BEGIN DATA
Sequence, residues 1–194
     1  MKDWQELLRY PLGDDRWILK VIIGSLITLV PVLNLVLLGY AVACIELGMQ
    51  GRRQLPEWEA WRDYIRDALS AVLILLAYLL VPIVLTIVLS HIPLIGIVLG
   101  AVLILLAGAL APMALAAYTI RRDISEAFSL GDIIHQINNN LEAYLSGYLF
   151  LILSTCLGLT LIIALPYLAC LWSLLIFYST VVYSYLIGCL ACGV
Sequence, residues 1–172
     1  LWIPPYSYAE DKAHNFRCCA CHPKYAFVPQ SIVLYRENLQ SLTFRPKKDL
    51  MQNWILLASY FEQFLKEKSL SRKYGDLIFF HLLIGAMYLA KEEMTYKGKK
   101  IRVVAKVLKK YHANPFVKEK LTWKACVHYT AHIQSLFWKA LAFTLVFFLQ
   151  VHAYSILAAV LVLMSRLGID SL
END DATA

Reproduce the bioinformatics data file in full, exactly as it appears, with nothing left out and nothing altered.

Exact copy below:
Sequence, residues 1–194
     1  MKDWQELLRY PLGDDRWILK VIIGSLITLV PVLNLVLLGY AVACIELGMQ
    51  GRRQLPEWEA WRDYIRDALS AVLILLAYLL VPIVLTIVLS HIPLIGIVLG
   101  AVLILLAGAL APMALAAYTI RRDISEAFSL GDIIHQINNN LEAYLSGYLF
   151  LILSTCLGLT LIIALPYLAC LWSLLIFYST VVYSYLIGCL ACGV
Sequence, residues 1–172
     1  LWIPPYSYAE DKAHNFRCCA CHPKYAFVPQ SIVLYRENLQ SLTFRPKKDL
    51  MQNWILLASY FEQFLKEKSL SRKYGDLIFF HLLIGAMYLA KEEMTYKGKK
   101  IRVVAKVLKK YHANPFVKEK LTWKACVHYT AHIQSLFWKA LAFTLVFFLQ
   151  VHAYSILAAV LVLMSRLGID SL